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Justice Dept. Renews Enforcement of Subpoenas for Antiwar Activists

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    http://www.democracynow.org/2010/11/5/justice_dept_renews_enforcement_of_subpoenas Justice Dept. Renews Enforcement of Subpoenas for Antiwar Activists Targeted
    Message 1 of 1 , Nov 6, 2010
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      http://www.democracynow.org/2010/11/5/justice_dept_renews_enforcement_of_subpoenas
      Justice Dept. Renews Enforcement of Subpoenas for Antiwar Activists
      Targeted in FBI Raids

      We get an update on the fallout from the FBI raids in late September
      that targeted antiwar activists in Minneapolis and Chicago. Subpoenas
      to appear before a grand jury were served on thirteen people but later
      withdrawn when the activists asserted their right to remain silent.
      But this week, the US Department of Justice said it intends to enforce
      the subpoenas for some of them and require them to appear before a
      grand jury. We speak to former president of the National Lawyers
      Guild, Bruce Nestor. [includes rush transcript]

       JUAN GONZALEZ: We turn now to an update on the fallout from the FBI
      raids in late September that targeted antiwar activists in Minneapolis
      and Chicago. Subpoenas to appear before a grand jury were served on
      thirteen people but later withdrawn when the activists asserted their
      right to remain silent. But this week the Justice Department said it
      intends to enforce the subpoenas for some of them and require them to
      appear before a grand jury. All those subpoenaed have been involved
      with antiwar activism that is critical of US foreign policy in
      Colombia and the Middle East.

      We’ll be joined in a minute by their attorney, but first, here’s a
      reminder of what happened on September 24th. Soon after the raids, two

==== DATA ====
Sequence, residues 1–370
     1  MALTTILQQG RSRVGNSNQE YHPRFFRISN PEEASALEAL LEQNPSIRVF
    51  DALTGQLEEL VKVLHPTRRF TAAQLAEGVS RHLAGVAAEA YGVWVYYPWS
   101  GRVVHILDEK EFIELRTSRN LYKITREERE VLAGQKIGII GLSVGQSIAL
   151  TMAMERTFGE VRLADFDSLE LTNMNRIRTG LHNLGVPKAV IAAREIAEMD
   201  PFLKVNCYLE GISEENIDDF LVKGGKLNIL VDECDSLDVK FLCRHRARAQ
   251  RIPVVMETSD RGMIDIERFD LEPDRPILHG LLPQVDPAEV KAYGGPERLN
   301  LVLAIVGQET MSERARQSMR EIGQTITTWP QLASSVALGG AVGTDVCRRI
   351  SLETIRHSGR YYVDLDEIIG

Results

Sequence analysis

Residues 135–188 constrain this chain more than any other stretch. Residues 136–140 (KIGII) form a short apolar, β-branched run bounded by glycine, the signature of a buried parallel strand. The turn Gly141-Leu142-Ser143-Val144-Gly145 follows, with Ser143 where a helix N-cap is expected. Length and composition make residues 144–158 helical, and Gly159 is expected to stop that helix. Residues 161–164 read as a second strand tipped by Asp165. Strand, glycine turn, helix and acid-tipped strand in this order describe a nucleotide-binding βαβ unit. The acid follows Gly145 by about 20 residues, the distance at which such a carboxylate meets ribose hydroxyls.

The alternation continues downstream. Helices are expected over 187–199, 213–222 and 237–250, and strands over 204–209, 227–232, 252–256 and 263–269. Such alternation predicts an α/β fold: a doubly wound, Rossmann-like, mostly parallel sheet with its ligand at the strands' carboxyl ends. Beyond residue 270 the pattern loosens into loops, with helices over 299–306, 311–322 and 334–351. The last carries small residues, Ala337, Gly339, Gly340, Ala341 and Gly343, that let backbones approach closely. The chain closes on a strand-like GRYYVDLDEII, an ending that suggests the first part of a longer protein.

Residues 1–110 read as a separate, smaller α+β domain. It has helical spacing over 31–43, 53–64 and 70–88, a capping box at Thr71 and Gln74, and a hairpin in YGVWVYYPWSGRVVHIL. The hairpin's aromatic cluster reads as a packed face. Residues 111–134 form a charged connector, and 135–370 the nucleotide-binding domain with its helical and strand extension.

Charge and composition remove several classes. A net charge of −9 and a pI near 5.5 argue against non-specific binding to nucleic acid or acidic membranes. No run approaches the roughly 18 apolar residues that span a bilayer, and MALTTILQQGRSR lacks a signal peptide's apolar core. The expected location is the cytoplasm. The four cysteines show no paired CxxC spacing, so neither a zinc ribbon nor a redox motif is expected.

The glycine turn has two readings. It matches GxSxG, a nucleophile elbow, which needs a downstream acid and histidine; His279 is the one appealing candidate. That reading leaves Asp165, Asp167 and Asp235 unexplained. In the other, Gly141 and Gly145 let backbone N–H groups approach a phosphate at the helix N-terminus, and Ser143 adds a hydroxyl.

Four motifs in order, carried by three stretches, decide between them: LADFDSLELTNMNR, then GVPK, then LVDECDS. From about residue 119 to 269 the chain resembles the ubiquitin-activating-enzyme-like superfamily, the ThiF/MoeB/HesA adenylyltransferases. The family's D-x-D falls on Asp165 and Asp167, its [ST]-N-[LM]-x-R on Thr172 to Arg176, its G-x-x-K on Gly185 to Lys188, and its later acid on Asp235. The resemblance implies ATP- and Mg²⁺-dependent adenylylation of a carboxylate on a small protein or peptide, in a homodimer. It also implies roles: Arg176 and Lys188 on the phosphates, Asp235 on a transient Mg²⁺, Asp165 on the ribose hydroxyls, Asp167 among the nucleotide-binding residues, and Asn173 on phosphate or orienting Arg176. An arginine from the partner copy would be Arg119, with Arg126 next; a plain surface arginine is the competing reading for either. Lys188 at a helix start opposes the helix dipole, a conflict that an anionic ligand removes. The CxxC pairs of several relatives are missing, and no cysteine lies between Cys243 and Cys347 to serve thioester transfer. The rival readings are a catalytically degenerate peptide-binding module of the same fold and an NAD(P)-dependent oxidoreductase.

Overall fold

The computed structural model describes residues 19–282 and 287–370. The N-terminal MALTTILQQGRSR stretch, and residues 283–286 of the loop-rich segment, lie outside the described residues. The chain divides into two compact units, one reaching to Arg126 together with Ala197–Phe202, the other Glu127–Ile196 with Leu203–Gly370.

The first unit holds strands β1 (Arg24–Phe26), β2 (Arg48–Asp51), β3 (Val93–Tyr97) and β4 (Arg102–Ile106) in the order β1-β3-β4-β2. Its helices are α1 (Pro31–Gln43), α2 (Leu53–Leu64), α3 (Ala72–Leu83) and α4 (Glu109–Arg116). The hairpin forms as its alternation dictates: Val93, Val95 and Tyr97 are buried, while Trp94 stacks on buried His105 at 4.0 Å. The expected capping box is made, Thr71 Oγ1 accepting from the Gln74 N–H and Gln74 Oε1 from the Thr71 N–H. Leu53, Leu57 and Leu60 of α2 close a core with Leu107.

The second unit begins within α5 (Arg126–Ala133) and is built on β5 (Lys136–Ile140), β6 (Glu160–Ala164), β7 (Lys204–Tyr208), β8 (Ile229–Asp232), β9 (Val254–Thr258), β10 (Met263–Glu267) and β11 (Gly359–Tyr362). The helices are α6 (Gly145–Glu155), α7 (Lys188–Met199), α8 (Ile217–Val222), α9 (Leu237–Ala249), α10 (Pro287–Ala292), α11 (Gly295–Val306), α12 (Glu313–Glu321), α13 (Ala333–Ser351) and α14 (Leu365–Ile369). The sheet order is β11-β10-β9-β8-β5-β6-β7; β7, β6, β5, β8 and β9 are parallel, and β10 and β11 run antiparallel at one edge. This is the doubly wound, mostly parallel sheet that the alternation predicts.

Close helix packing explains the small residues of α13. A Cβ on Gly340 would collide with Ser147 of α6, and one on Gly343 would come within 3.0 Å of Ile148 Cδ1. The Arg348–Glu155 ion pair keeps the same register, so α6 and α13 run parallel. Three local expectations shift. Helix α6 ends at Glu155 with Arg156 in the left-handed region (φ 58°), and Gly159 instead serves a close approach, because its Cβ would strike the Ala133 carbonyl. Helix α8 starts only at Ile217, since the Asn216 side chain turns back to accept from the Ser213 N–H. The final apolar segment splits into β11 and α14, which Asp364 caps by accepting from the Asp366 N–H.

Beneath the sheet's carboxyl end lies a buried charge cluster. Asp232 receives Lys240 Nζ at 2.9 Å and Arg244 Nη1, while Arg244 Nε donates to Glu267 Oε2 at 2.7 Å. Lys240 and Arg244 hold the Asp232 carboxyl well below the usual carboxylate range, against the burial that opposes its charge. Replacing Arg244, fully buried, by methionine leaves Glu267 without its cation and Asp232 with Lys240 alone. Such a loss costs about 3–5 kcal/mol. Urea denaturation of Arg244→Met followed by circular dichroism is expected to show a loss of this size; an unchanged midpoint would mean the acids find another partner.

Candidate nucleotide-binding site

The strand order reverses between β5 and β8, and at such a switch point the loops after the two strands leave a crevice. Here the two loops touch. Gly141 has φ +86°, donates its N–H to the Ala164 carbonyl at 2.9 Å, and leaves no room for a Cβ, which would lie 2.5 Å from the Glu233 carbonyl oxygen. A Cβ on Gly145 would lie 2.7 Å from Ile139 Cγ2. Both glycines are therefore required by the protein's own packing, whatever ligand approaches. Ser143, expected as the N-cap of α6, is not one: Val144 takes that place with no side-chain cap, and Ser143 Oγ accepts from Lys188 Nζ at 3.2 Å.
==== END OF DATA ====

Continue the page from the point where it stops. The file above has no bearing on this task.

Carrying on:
of the activists whose homes had been raided told their stories on
      Democracy Now! We spoke to Joe Iosbaker in Chicago and Jess Sundin in
      Minneapolis.

      JESS SUNDIN: Friday morning, I awoke to a bang at the door, and by the
      time I was downstairs, there were six or seven federal agents already
      in my home, where my partner and my six-year-old daughter had already
      been awake. We were given the search warrant, and they went through
      the entire house. They spent probably about four hours going through
      all of our personal belongings, every book, paper, our clothes, and
      filled several boxes and crates with our computers, our phones, my
      passport. And when they were done, as I said, they had many crates
      full of my personal belongings, with which they left my house.

      JOE IOSBAKER: It was a nationally coordinated assault on all of these
      homes. Seven a.m., the pound on the door. I was getting ready for
      work, came down the stairs, and there were, I think, in the area of
      ten agents, you know, of the—they identified themselves as FBI, showed
      me the search warrant. And I turned to my wife and said, "Stephanie,
      it’s the thought police."

      AMY GOODMAN: Joe Iosbaker of Chicago, whose home was one of the three
      raided by the FBI in September.

      The federal law cited in the search warrants prohibits, quote,
      "providing material support or resources to designated foreign
      terrorist organizations." In June, the Supreme Court rejected a free